individual after a certain point has been reached. It is most
      desirable to encourage thrift and ambition, and a potent source of
      thrift and ambition is the desire on the part of the breadwinner to
      leave his children well off. This object can be attained by making the
      tax very small on moderate amounts of property left; because the prime
      object should be to put a constantly increasing burden on the
      inheritance of those swollen fortunes which it is certainly of no
      benefit to this country to perpetuate.

      There can be no question of the ethical propriety of the Government
      thus determining the conditions upon which any gift or inheritance
      should be received. Exactly how far the inheritance tax would, as an
      incident, have the effect of limiting the transmission by devise or
      gift of the enormous fortunes in question it is not necessary at
      present to discuss. It is wise that progress in this direction should
      be gradual. At first a permanent national inheritance tax, while it
      might be more substantial than any such tax has hitherto been, need
      not approximate, either in amount or in the extent of the increase by
      graduation, to what such a tax should ultimately be.

      This species of tax has again and again been imposed, although only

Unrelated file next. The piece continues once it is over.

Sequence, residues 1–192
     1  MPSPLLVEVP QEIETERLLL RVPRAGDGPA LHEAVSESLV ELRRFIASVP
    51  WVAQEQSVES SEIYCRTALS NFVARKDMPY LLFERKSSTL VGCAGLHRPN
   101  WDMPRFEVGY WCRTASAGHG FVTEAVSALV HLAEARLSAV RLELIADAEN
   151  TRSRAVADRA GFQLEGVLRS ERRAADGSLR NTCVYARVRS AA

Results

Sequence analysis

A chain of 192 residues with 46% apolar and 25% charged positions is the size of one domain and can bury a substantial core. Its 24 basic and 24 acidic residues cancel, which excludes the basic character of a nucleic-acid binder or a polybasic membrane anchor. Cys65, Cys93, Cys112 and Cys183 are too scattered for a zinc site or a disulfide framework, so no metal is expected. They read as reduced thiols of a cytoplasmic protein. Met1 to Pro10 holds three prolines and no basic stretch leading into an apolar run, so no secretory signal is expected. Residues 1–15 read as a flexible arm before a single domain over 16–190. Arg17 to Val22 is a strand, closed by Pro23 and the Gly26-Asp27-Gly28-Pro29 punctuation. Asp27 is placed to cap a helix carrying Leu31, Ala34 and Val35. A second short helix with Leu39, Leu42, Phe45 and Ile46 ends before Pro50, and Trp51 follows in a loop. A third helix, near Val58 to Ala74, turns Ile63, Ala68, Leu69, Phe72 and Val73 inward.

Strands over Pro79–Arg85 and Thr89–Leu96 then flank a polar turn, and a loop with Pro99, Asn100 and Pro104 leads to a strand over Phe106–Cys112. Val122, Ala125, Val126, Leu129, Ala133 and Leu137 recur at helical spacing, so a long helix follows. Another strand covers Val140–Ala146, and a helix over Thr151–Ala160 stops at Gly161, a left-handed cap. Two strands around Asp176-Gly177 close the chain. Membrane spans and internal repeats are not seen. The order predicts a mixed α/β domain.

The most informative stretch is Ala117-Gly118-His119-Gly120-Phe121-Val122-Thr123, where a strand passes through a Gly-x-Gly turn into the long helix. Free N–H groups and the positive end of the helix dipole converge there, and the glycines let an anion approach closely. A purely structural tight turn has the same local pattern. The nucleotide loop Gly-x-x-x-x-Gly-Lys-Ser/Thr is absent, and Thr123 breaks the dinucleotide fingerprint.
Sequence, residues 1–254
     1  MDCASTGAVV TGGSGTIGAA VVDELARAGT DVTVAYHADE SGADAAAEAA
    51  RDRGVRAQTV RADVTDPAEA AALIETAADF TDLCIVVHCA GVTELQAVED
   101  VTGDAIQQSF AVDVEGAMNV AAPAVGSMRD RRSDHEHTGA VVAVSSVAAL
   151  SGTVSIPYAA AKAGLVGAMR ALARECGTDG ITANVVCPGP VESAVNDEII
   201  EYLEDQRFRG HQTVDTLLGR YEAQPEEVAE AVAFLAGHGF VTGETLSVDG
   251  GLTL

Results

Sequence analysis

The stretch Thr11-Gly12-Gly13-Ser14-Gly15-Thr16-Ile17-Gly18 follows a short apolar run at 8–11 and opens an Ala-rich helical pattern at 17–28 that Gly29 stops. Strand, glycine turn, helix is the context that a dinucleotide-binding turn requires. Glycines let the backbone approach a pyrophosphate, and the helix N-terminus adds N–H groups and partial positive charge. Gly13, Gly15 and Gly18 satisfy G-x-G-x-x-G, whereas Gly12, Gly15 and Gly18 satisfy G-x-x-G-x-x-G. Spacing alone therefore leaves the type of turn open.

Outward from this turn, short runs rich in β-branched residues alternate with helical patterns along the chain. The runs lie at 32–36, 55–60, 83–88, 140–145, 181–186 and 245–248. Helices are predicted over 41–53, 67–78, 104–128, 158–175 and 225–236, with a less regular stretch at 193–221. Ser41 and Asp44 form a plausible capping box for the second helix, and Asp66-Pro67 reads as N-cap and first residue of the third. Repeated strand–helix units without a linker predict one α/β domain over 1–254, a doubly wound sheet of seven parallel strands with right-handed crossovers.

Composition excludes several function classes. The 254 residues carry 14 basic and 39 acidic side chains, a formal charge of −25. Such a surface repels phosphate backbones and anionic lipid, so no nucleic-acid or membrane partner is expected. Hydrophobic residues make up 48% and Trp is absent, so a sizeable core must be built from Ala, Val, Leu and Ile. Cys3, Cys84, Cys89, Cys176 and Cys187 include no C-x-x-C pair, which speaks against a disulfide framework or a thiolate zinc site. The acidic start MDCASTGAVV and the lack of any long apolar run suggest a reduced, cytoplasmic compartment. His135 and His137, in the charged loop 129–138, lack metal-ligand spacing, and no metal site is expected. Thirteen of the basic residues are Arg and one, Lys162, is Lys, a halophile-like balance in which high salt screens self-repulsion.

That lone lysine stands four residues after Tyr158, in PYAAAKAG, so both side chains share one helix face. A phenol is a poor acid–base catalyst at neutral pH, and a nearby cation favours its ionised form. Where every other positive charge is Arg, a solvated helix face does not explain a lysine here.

temporarily, by the National Government. It was first imposed by the
      act of July 6, 1797, when the makers of the Constitution were alive
      and at the head of affairs. It was a graduated tax; though small in
      amount, the rate was increased with the amount left to any individual,
      exceptions being made in the case of certain close kin. A similar tax
      was again imposed by the act of July 1, 1862; a minimum sum of one
      thousand dollars in personal property being excepted from taxation,
      the tax then becoming progressive according to the remoteness of kin.
      The war-revenue act of June 13, 1898, provided for an inheritance tax
      on any sum exceeding the value of ten thousand dollars, the rate of
      the tax increasing both in accordance with the amounts left and in
      accordance with the legatee's remoteness of kin. The Supreme Court has
      held that the succession tax imposed at the time of the Civil War was